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Apple's iOS 13 will block third-party apps from accessing the "Notes" field when requesting data from Contacts, addressing a little known but potentially impactful security hole in the company's mobile operating system.
Apple revealed the change in information handling, which addresses concerns over inadvertent data sharing, at its Worldwide Developers Conference in San Jose this week, reports TechCrunch.
Currently, apps that are granted access to a user's address book can pull in a contact's name, phone number, address, email address and more, including data from the Notes field. While many leave the field blank, some use it as a makeshift scratchpad for storing potentially private information.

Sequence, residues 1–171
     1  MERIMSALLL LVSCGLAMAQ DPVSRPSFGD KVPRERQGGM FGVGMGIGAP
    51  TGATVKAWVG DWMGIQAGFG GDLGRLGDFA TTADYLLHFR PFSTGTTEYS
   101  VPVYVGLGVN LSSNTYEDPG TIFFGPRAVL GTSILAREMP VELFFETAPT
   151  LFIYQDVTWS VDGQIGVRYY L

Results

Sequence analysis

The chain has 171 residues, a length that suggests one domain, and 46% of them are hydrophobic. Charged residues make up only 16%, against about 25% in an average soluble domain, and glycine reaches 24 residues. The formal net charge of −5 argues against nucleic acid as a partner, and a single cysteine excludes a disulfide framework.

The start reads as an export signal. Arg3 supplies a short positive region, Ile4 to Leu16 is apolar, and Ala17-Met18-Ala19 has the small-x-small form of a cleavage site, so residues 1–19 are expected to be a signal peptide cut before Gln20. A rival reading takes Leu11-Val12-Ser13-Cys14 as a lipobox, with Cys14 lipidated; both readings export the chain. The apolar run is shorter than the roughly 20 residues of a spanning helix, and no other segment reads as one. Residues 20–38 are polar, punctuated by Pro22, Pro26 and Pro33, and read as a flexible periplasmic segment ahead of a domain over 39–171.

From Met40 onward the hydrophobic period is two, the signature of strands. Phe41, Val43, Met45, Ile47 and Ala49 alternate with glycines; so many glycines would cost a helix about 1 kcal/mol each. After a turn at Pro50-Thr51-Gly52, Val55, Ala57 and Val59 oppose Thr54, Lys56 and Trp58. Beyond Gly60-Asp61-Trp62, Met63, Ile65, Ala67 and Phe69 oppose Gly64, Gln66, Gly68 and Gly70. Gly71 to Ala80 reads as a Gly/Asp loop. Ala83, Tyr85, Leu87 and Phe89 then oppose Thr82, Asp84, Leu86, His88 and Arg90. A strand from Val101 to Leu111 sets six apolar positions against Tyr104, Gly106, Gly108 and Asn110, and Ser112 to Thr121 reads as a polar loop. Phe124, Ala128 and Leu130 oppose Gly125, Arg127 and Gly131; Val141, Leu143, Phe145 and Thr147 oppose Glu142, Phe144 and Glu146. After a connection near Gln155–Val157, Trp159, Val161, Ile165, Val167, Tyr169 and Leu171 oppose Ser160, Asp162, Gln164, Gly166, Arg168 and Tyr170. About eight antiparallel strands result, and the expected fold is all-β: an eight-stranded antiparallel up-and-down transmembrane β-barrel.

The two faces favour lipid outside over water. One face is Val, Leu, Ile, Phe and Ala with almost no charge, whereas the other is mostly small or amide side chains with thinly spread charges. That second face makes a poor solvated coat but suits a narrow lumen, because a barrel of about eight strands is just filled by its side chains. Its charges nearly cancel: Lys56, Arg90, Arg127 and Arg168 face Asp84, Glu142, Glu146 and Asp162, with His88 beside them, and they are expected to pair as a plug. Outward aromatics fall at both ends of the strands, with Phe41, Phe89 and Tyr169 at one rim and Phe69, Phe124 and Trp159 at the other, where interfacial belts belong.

For example, some users save credit card credentials and PIN numbers, while others might jot down potentially damning opinions or comments about a contact they would rather not see shared.
The Notes field is unencrypted and will remain as such in iOS 13, but the forthcoming OS will, in most cases, deny third-party app access to data stored within.
Apple said that developers who believe they have valid reason for accessing the data field can file for an exception, though the company points out that most apps do not need access to the private information.
Apple is packing a veritable boatload of new additions, updates and modifications into iOS 13, including marquee features like Dark Mode, QuickPath swipe-to-type keyboard and a variety of security enhancements. The software is due for release this fall.